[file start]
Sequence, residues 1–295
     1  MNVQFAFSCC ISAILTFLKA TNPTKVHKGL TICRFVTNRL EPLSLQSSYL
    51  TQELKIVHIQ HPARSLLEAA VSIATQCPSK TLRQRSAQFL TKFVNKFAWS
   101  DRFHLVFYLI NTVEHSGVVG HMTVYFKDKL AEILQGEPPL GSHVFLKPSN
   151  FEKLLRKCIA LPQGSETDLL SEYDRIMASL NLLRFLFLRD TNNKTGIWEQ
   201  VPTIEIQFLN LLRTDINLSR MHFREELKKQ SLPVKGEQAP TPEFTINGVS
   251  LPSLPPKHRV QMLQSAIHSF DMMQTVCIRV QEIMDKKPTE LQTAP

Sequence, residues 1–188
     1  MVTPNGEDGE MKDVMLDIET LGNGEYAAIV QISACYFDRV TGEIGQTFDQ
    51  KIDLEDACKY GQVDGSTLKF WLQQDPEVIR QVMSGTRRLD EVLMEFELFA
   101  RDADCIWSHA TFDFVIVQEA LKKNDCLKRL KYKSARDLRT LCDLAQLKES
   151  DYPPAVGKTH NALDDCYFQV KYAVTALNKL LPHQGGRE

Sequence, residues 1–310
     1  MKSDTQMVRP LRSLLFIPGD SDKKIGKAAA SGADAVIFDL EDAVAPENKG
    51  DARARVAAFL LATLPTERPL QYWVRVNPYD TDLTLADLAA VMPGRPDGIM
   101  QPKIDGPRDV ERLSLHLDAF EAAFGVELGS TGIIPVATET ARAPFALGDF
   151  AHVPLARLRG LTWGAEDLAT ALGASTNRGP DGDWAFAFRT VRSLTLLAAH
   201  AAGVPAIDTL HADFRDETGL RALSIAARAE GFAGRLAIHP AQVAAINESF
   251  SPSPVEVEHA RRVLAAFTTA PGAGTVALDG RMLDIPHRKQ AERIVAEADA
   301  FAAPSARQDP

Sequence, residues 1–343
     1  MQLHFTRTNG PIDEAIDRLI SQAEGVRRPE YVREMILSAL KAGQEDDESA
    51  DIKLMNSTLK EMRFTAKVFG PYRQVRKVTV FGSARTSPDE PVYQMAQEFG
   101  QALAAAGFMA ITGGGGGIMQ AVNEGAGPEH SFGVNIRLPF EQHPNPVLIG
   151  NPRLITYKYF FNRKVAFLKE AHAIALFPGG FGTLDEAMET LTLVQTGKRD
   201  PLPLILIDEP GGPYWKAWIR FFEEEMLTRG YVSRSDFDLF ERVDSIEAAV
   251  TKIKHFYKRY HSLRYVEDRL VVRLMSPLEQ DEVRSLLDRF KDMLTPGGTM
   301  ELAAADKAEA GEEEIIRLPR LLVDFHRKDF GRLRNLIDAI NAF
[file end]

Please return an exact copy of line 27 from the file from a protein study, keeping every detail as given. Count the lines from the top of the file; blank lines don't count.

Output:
   251  TKIKHFYKRY HSLRYVEDRL VVRLMSPLEQ DEVRSLLDRF KDMLTPGGTM